Influencing others is a critical skill for anyone in a leadership position. You may influence peers, your team, vendors, customers, and, of course, executives. Although the foundations of influence apply to all audiences, the five tips below will help you influence executives.
1. Be very clear about what you want.
Executives more than any other audience are looking for the bottom line. They are listening to what you want and whether or not you make a good case for it. Tell them at the beginning what you want, make a clear case for it, and end with a direct call to action.
- Example 1: If you need them to make a decision, start by telling them you need a decision on X. Give them your recommendation and back it up with facts. Once you’ve made a solid case, ask them for their decision and let them know when you need it.
- Example 2: If you need the authorization to spend on development, tell them up front that you believe it’s critical to make this investment in employees and you need their authorization to do so. Go on to make a business case for the development, including the expected return on investment, and then ask them to authorize it.
2. Be concise.
No rambling. Focus on the big picture instead of details. Although there are always exceptions, executives want presentations to be very brief. As you review your content, continually ask if different pieces are essential to achieving your purpose. If not, cut them out and focus on what is.
3. Make your points clear.
Executives listen to the main points. Make sure you give them to them. Let them know up front they’re coming – ‘I’m going to share three reasons we need to move forward on this’. Call out each point by number: ‘The first reason is…’ ‘The second reason is…’ This will ensure that they hear and remember your points. Your points will only compel action if they are heard.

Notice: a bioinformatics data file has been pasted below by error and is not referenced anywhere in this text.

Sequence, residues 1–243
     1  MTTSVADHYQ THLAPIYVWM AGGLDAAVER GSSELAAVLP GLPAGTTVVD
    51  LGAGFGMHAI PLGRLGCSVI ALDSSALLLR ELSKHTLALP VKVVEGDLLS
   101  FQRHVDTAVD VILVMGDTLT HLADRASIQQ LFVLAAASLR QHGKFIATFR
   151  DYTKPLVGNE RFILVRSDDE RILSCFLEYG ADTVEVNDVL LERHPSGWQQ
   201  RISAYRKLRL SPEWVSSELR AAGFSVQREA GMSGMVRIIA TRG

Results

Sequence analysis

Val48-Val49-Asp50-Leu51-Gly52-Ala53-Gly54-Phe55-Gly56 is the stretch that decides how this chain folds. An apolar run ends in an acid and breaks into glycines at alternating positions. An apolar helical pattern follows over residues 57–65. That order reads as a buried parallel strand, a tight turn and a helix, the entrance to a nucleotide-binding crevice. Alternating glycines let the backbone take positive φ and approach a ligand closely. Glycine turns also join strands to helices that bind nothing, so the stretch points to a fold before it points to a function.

4. Be prepared so you’re smooth.
Choppy delivery is often perceived as nerves, which can cause executives to lose confidence in your message. Don’t make the mistake so many others do and over-prepare for executives. When you do that, you’ll sound canned. They will likely disengage and then hammer you with questions to see if you really know what you’re talking about. Prepare enough so you know your points cold, but don’t memorize every word.
5. Exude confidence.
The more confident you look and sound, the more confident executives feel. When they feel confident, there are fewer questions and you are more likely to achieve your purpose. Make eye contact with even the most intimidating executive. Speak with a strong voice and eliminate fillers. Use good posture whether you’re sitting or standing to project more confidence.
Leaders use their power of influence to persuade and communicate with all levels of an organization, but especially with executives. Executives are a unique audience and require unique preparation. The next time you prepare for an executive audience, apply these five tips to help ensure your success.